The season began inauspiciously at Crystal Lake in Lincoln County, which is along the southwestern fringe of our study area. Though it is a pleasant, rather clear lake, Crystal offers no nesting habitat for loons. Loons love most of all to place their nests on islands but also make use of boggy or marshy areas, which seem to provide safe havens from egg predators like raccoons and skunks. Crystal offers none of these options, as its shoreline comprises upland habitat and is thus easy for a hungry mammal to patrol. In fact, Crystal is such an inhospitable place for loons to breed that loon eggs vanish from its shoreline almost as soon as they are laid.
So I had mixed feelings to see a six year-old male hatched on nearby Muskellunge Lake settle to breed on Crystal in 2012. On the one hand, I was pleased that the young bird had found a territory after wandering around the local neighborhood of lakes for the three previous years. On the other hand, a settler on Crystal seemed doomed to reproductive failure. But the male and his parade of mates (three females in five years) persisted in their breeding efforts. As I reported earlier this summer, the male and his new mate in 2015 (she still licking her wounds from a recent eviction from neighboring Deer Lake) took a new approach to nesting in 2015 by choosing to place a nest on a swim raft off of a resident’s dock.
Once the egg had been protected from rolling off of the raft with a ring of rubber cut from an old tire and some natural nesting vegetation (thanks to quick thinking and skillful craftsmanship from Linda and Kevin Grenzer), things began looking up for the breeding pair. Although it was a bear for the male and female to clamber up onto the swim raft to incubate the egg, the setup seemed little different from the artificial nesting platforms that many lake residents place on the lake each year for their nesting pair to use. Given the virtually impregnable location, the probability of hatching a chick had gone from almost zero to near one.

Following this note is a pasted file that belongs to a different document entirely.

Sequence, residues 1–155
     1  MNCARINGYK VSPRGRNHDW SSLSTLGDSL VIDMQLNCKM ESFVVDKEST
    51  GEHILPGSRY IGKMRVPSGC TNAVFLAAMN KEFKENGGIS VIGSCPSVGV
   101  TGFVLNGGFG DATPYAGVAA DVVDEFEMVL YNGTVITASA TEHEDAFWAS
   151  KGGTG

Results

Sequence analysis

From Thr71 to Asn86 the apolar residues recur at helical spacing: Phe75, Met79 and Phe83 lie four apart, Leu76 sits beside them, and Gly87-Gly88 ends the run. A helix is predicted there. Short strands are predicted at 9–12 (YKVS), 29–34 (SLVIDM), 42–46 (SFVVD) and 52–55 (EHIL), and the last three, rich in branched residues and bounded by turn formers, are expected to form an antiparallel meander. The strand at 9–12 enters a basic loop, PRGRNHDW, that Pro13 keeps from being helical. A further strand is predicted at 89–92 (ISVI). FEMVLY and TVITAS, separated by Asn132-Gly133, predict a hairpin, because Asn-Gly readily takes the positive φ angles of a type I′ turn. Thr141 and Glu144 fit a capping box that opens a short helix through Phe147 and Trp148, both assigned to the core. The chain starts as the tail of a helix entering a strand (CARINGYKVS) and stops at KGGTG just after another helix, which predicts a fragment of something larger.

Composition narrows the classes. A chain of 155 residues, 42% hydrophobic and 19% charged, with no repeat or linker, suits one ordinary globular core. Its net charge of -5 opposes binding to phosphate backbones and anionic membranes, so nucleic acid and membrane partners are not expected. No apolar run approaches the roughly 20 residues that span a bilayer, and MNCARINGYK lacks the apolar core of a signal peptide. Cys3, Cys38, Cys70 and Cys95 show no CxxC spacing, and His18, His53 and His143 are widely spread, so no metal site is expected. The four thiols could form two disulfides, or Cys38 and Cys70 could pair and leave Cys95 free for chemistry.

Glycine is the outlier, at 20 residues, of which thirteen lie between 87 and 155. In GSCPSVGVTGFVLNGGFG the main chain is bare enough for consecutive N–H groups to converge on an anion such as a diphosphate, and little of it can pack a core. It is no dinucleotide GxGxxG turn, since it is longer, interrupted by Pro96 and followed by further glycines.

As expected, the chick hatched successfully, and though it had trouble maneuvering around the rubber-reinforced nest (as Linda’s photo shows, above), it left the nest with its parents within a few days. Only when Linda reported that Crystal was experiencing a burst of territorial intruders — one of whom, by chance, was the mother of the Crystal male and hence the grandmother of the chick — did she and I become panicked. Intruders pose a grave hazard to small chicks. Would the pair that had so miraculously pulled off a hatch turn around and lose the chick to an infanticidal visitor? The threat was not trivial. As Linda’s remarkable and chilling photo shows, the Crystal parents broke a very basic rule of loon parenting: never permit intruders near your chick when it is less than 2 weeks old.
Yet the chick survived this brush with death. Nourished by a healthy supply of fish from the lake, the chick grew so rapidly that we were able to band it at three weeks of age, much younger than is usually possible for loon chicks. It has continued to flourish since capture. Now, at roughly 8 weeks of age, it looks like a 10-week-old, as the opening photo attests.
I have a tendency to dwell on disasters. Confronted with a large set of events — some positive, some negative — the latter seem to stick with me longer, leaving me with a sense that things are not going well at present and might not go well in the future. Yet at the end of a season when many breeding loons flirted with disaster — and one died — the story of the plucky Crystal chick stands as an odd and memorable exception.